Synopsis: A writer finds his screenplay about the recent miners’ strike compromised during filming…

Written by: Peter Richardson and Pete Richens. Directed by: Peter Richardson. Broadcast: 20 February 1988, Channel 4. Series: 3. Episode: 1.

Notable cast (with a running total of Comic Strip appearances):
* Like several of her colleagues, Dawn French (18) plays multiple roles here, à la a Monty Python project. As well as a Welsh pensioner, an old crone in a tavern and the singer Cher – it’s that type of film – she appears mostly as a character called Verity. Verity is the personal assistant to a brash American film producer who’s bought a script called Strike, which is based on a notorious period of British history… In 1984, the trade union leader Arthur Scargill had initiated a major industrial action, essentially attempting to close down the UK’s coal production as a protest against planned pit closures. The strike wasn’t supported by everyone – some miners continued to work – and there were violent clashes with police, sent in by Margaret Thatcher’s Conservative government. Soon after being declared illegal (there’d been no national vote on the issue), the strike ended in 1985 and the union’s power was diminished
* Keith Allen (6) also has several parts. In the opening scene, he’s a film executive who suggests the Bronx-raised Method actor Al Pacino should play Barnsley-born socialist Arthur Scargill in Strike. Later, Allen appears as a camp actor, an architect, and – during a scene set at an Oscars-like awards ceremony – Jack Nicholson.
* Nigel Planer (13) plays a couple of other minor roles too (including a miner), but his chief character is film director Bernard. ‘He’s a champagne socialist,’ Planer told TV Times in 1988, referring to the character’s hypocrisy: he may wear Soviet symbols on his pastel suit and talk a good talk, but he drives a BMW convertible and has a car phone. Bernard says he wants to make an authentic film about the plight of the miners, and that he’ll protect the script from studio interference, but then the first time he pushes back he’s paid off and fired.
* Robbie Coltrane (12) is the loudmouthed and uncouth movie mogul Goldie, who thinks Strike will do great box-office business in the states. His company, Golden Pictures, have made their name with ‘violent sex films’ but now want a prestige project. Nevertheless, Goldie can’t help but dumb-down Strike’s script, even suggesting that it should include a mining disaster. He also casts Meryl Streep – a part has to be created for her, but she’s ‘available in July’… Later, Coltrane also plays a nasty coal miner in Strike and Marlon Brando at the awards ceremony.
Alexei Sayle (3) plays Paul, the idealistic, working-class writer behind Strike. Travelling from his Welsh home to London, Paul hooks up with Bernard, but the pair encounter problems when Goldie insists on severe changes to the script. Full of doubt, Paul decides to remain on board after getting a £25,000 fee… Sayle had shied away from Comic Strip projects since the group moved on from their Soho club days – this is actually his first role in the group’s TV series – but he’s very appropriate casting. Dawn French once said that Sayle was the only genuinely political member of the Comic Strip gang, and he brings a lot of authentic anguish to the role. We believe in Paul and his frustrations with the plastic Hollywood machinery.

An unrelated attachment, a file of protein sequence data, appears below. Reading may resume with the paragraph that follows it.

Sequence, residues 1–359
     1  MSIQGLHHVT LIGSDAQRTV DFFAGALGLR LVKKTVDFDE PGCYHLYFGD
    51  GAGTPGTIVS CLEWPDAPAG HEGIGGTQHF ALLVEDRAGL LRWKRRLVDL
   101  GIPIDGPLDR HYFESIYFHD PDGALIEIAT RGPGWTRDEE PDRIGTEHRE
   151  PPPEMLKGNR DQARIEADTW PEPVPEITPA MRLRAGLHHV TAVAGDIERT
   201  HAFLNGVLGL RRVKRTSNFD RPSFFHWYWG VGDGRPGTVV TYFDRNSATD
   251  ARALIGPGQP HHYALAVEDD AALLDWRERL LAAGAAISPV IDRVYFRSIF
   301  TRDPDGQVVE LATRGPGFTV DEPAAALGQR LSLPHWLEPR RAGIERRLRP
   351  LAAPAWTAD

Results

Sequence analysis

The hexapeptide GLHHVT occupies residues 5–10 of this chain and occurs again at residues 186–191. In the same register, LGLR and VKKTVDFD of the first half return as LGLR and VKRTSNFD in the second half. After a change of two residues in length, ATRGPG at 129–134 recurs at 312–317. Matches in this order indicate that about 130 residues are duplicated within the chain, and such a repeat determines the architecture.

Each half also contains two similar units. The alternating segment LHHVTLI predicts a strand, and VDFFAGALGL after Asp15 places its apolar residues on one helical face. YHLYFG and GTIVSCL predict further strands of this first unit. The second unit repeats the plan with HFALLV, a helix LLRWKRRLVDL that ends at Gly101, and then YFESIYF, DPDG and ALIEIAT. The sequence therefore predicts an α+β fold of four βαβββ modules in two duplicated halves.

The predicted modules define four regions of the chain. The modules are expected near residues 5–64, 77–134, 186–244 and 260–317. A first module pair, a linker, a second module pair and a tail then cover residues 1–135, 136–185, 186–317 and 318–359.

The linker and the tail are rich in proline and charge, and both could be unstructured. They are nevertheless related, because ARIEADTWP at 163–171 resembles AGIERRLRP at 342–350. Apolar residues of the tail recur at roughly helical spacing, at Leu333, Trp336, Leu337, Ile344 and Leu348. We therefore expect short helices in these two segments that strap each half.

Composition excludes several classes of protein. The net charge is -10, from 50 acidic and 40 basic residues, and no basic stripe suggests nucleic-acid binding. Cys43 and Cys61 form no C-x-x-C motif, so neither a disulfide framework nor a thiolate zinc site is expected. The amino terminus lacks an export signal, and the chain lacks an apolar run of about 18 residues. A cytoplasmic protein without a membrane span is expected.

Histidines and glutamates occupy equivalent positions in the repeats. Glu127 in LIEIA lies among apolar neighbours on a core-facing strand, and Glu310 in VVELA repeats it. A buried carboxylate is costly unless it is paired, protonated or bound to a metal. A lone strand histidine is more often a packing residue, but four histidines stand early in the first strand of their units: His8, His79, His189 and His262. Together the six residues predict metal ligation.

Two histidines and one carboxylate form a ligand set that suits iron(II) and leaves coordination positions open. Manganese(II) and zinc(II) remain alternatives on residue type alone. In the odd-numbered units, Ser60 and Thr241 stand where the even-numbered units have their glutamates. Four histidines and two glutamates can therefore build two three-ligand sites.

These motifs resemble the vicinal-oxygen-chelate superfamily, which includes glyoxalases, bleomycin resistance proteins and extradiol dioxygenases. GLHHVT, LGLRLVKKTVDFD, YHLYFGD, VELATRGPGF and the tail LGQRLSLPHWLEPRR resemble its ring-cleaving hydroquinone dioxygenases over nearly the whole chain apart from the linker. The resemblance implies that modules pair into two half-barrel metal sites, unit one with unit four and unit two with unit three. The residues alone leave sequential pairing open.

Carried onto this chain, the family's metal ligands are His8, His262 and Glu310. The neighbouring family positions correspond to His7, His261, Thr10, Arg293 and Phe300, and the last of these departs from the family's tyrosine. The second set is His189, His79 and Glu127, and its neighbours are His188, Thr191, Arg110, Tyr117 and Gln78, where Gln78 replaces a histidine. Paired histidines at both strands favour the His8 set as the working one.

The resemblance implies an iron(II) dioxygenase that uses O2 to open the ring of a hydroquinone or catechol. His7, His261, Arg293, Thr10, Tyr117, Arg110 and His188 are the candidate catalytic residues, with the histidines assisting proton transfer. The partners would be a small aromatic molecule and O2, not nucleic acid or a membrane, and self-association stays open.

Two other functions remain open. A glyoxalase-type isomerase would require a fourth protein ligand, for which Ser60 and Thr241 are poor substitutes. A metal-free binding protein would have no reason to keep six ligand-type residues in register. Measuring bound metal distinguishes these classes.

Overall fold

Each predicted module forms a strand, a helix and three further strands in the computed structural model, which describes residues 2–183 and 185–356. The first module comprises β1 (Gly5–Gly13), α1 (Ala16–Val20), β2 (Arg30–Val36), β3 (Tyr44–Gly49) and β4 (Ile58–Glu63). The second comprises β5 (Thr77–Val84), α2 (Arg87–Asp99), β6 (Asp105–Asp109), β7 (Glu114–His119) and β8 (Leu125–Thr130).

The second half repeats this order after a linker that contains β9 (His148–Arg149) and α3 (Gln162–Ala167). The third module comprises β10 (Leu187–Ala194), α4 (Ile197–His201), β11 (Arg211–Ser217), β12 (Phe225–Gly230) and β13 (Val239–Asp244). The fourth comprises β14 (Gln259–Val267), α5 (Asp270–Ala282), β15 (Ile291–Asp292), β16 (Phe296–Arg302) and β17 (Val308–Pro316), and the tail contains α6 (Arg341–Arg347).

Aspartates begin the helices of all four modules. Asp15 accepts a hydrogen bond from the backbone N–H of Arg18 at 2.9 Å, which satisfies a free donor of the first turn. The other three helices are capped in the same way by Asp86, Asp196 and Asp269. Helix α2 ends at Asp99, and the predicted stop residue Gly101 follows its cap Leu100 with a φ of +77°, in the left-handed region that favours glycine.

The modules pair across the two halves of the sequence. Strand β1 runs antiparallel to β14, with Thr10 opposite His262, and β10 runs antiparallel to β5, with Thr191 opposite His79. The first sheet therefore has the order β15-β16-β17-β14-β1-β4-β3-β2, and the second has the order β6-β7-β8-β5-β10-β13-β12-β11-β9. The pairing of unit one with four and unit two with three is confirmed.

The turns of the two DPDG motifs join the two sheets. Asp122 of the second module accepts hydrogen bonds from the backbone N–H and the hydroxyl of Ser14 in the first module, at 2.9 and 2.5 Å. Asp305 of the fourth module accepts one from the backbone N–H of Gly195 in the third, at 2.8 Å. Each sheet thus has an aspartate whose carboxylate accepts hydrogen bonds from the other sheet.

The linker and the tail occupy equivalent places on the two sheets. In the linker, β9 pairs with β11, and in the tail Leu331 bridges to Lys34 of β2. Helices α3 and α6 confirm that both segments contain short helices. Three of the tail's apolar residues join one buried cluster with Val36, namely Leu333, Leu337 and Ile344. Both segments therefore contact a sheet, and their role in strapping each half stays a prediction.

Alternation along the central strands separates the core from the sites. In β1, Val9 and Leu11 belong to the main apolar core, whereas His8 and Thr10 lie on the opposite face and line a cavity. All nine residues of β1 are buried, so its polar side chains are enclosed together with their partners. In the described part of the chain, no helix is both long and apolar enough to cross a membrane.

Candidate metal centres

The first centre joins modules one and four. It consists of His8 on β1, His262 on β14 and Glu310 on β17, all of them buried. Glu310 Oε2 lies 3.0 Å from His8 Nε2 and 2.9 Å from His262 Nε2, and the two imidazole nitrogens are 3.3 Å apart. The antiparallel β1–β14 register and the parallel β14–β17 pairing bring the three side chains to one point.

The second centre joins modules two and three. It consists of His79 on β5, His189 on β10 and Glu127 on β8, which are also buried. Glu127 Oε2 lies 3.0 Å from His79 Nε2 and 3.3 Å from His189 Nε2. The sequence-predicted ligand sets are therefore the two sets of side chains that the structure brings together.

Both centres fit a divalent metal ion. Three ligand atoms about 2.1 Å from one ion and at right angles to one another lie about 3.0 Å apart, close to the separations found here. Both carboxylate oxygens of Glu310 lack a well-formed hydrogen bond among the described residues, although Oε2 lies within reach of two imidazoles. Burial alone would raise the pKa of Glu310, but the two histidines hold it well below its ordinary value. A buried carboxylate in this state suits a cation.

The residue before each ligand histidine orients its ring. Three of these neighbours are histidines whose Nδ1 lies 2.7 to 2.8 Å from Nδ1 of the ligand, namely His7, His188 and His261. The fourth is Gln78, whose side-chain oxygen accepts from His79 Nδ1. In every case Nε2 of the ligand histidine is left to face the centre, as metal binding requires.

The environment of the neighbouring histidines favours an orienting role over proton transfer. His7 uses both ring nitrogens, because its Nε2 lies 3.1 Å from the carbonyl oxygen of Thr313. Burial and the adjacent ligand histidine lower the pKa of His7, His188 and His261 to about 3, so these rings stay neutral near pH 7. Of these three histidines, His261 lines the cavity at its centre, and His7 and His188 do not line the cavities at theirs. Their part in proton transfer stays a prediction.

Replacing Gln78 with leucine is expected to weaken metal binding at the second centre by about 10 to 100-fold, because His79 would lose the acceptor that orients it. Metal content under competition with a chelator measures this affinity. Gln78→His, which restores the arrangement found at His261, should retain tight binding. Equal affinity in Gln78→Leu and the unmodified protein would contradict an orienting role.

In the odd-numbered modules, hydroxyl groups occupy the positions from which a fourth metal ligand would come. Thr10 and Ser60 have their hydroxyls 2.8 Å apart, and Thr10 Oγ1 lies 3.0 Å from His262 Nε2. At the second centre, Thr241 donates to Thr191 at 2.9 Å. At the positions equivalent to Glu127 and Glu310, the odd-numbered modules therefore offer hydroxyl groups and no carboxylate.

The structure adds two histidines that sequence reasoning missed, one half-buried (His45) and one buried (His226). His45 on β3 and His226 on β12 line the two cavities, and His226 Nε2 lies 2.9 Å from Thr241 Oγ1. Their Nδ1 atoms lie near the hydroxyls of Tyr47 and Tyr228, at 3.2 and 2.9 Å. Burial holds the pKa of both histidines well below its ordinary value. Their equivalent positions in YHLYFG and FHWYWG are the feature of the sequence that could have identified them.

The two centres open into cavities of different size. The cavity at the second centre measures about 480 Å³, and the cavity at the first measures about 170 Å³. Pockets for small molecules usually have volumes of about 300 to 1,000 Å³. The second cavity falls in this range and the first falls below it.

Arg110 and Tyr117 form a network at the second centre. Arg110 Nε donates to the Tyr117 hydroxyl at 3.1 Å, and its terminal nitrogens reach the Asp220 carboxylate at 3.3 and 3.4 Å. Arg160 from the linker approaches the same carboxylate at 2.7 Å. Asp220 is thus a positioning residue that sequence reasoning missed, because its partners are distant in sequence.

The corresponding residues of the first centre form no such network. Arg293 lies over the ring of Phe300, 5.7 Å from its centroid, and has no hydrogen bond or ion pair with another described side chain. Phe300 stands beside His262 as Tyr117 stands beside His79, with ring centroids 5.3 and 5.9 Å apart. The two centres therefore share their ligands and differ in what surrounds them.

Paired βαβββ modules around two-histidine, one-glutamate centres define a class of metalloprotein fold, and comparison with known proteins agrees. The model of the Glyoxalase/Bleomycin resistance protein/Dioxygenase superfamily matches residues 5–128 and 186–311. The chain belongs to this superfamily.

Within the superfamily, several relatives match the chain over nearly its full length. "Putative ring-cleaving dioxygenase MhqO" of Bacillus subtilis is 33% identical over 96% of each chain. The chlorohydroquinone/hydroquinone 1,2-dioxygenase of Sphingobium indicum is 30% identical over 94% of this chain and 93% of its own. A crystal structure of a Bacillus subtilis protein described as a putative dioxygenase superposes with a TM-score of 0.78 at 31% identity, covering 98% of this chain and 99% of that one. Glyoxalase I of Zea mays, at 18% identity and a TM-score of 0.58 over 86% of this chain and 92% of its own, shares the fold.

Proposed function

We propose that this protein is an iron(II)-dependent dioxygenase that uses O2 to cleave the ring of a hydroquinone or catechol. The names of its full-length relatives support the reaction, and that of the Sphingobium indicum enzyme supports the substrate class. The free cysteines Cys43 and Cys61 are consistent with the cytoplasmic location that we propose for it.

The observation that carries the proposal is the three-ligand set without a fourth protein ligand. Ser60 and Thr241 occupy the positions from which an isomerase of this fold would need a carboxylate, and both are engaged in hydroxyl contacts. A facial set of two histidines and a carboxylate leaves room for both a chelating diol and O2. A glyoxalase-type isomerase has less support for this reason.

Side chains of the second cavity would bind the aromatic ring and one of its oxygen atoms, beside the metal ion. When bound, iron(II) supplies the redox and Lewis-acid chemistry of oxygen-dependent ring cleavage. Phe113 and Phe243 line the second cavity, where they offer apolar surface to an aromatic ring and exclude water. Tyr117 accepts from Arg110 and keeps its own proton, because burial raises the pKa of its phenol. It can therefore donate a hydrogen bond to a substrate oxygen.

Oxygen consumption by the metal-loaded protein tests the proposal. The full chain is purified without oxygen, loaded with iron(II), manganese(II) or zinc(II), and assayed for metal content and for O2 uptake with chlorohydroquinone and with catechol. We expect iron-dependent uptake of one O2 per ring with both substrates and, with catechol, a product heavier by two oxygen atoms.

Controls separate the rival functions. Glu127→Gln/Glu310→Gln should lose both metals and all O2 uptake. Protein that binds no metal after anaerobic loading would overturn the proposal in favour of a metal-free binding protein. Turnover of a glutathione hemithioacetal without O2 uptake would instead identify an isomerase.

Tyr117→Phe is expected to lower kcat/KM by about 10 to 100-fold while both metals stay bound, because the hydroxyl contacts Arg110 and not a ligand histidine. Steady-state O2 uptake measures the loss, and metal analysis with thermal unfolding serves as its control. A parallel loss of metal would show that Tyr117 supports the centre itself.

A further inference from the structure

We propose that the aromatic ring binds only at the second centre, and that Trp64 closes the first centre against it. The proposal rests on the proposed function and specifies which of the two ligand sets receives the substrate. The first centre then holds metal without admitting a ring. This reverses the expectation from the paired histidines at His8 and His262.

* Adrian Edmondson (18) plays three minor roles, including Strike’s bearded art director who laments all the double glazing in the Welsh village being used as a filming location. So he decides to style the movie as if it were the 1930s and redresses a videoshop as a blacksmiths. (In reality, the village was near Merthyr Tydfil. ‘I thought there would be resentment over us making a funny film about the strike,’ Robbie Coltrane has said. ‘But the people were fantastic – they aren’t bitter at all.’)
* Peter Richardson (19) had a busy time on this project: as well as co-writing and directing, he plays the major role of Al Pacino – and, of course, Pacino playing Arthur Scargill in the footage we see of Strike. (Why Al Pacino? The gag is a bit of free association – Pacino starred in the 1983 film Scarface, so here he is playing Scargill.) Upon arriving in Wales, Pacino objects to his grand hotel and instead insists on having a local woman evicted from her cottage. He researches his role by reading a book called Socialism for Beginners, but doesn’t like the fact that Scargill is a loser so arranges for the Strike script to be rewritten with a happy ending. He also campaigns behind the scenes to have his co-star’s dialogue minimised… Richardson (36 at the time) does an incredible job as Pacino (who was 47). It’s part impression, of course, full of the errs and umms and mumbles and furtive glances that Pacino had used in so many fine films. But it’s also scathing pastiche.
* Derren Nesbitt (2) plays Pacino’s put-upon chauffeur.
* Kevin Allen (5) has various one-scene roles.
* Steven O’Donnell (1), amongst other characters, plays Gerry – a slovenly, crass, American director who takes over the filming of Strike after Bernard is fired. ‘Goddamn union bastards, can’t stand ’em,’ is his view of his subject matter.